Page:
When it comes to incredible road trips, it's hard to beat driving across a continent—especially if you're driving across Africa in a vintage Porsche 911 rally car specially prepped for the journey. And that goes double for doing it with two dozen of your pals. Sounds like a dream? Well, for Tuthill Porsche, it became a reality.
Back 2012, the British rally-prep workshop began building a team for the 2013 East African Safari Rally. Over the next 18 months, a crew of 24 people would spend roughly 14,000 hours constructing no fewer than 17 Porsche 911 SC 3.0-liter rally cars. It took eight 40-foot shipping containers to move the cars and their entourage of wheels, tires, and gear over to Africa.
They arrived in Mombasa, Kenya, three weeks before the November 21, 2013, start date to establish a base camp and prepare the cars. The total Africa support team included 120 people in all; according to Tuthill, the assembled group was the largest rally team in history. Each rally Porsche was paired with a long-wheelbase Land Cruiser for support and the team had 10 more assorted 4x4s to carry other much-needed people, such as medical personnel.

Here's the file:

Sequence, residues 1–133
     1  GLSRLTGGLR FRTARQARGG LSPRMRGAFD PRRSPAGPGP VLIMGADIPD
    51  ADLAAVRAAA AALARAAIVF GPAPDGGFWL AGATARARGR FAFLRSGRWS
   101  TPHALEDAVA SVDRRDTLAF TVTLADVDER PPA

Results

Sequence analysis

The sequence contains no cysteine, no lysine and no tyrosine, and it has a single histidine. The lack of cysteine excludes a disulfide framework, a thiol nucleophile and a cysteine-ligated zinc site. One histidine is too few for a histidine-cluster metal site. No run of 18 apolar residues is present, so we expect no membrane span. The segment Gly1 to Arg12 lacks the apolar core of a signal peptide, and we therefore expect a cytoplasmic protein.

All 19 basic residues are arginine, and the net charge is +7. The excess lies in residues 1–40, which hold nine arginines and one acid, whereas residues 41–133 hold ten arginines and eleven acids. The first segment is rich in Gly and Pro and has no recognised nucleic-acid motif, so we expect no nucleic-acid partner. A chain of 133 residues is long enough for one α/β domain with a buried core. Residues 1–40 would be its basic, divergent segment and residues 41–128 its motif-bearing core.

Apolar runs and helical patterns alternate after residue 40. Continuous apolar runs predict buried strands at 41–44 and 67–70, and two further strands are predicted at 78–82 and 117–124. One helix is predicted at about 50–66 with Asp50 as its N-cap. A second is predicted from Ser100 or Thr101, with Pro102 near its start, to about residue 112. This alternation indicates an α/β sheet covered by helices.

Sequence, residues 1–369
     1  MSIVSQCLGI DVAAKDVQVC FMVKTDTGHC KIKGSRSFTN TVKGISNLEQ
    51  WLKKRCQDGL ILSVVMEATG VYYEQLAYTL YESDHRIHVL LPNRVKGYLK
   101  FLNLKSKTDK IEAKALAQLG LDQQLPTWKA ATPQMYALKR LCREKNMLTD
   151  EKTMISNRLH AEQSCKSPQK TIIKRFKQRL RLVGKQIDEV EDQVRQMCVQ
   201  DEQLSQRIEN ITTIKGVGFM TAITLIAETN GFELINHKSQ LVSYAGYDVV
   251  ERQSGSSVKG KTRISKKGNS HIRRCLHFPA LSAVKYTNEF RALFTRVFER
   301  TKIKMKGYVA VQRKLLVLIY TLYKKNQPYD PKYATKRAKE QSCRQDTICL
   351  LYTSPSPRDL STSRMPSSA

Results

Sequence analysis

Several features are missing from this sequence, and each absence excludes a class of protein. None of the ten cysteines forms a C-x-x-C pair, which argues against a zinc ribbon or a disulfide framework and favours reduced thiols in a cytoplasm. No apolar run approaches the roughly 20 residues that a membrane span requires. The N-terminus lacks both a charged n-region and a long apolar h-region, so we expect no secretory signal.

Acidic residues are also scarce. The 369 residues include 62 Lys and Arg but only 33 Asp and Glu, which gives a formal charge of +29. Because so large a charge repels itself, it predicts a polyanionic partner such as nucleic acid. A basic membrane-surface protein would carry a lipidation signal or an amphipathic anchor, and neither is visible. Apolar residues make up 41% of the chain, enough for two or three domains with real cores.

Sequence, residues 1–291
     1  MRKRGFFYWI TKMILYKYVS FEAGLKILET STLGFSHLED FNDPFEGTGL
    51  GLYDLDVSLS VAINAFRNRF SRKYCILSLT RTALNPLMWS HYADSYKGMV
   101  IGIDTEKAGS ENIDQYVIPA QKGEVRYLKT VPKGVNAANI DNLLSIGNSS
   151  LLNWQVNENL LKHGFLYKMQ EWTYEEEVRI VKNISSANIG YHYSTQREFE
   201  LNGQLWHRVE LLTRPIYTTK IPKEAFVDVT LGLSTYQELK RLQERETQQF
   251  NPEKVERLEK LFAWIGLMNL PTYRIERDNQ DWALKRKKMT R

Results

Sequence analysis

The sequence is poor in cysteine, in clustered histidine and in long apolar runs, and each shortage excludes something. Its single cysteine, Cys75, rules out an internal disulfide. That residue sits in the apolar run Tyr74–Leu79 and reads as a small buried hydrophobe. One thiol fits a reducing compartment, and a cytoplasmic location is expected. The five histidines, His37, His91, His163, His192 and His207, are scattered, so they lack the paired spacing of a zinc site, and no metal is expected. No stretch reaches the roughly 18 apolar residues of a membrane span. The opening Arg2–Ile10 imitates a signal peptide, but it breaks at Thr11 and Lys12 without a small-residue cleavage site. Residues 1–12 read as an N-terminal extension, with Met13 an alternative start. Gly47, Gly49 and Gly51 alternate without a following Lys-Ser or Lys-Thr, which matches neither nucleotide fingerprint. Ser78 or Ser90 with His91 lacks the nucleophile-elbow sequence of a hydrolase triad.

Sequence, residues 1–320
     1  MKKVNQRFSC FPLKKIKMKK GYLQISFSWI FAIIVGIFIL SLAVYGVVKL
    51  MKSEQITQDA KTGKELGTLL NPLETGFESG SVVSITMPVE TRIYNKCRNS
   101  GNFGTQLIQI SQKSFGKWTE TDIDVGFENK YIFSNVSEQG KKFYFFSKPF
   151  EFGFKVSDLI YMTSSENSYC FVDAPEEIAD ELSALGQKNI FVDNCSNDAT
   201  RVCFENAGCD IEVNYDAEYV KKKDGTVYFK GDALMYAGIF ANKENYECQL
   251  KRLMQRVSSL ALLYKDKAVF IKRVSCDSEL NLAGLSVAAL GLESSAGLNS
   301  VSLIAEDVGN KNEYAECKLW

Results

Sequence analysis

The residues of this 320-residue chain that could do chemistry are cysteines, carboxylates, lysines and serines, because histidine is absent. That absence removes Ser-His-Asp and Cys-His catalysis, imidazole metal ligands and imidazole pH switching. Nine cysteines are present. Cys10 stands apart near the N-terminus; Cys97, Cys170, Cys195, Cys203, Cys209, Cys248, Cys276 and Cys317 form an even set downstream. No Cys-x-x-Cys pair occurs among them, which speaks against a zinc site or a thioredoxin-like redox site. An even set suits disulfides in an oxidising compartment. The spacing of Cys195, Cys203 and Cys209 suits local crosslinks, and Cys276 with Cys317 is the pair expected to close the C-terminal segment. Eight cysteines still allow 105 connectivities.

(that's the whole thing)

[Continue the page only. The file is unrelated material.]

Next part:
The trip was an epic journey, but in the end, 15 of Tuthill's 17 cars completed the 3,100-mile rally. Nine made the top 20, including one Porsche that placed third and another that took sixth.
And after the dust had settled, Tuthill promised us a movie about it. Most of the world forgot about it, Tuthill went on to compete in the 2015 Rally (the organizers run it every other year), and has started preparation for 2017.
But someone, apparently, was still pecking away at the movie, quietly working behind the scenes. Because out of nowhere late last month, it appeared in its entirety on YouTube.
It's one of most interesting behind-the-scenes rally videos ever produced, a genuine documentary rather than a puff piece. We could all probably live without the obnoxious background music, but it conveys the scale and difficulty of coaxing old Porsches over a total of approximately 18,000 miles of broiling African roads. Check it out below. You'll wonder how they did it, and you'll want to sign up for next year.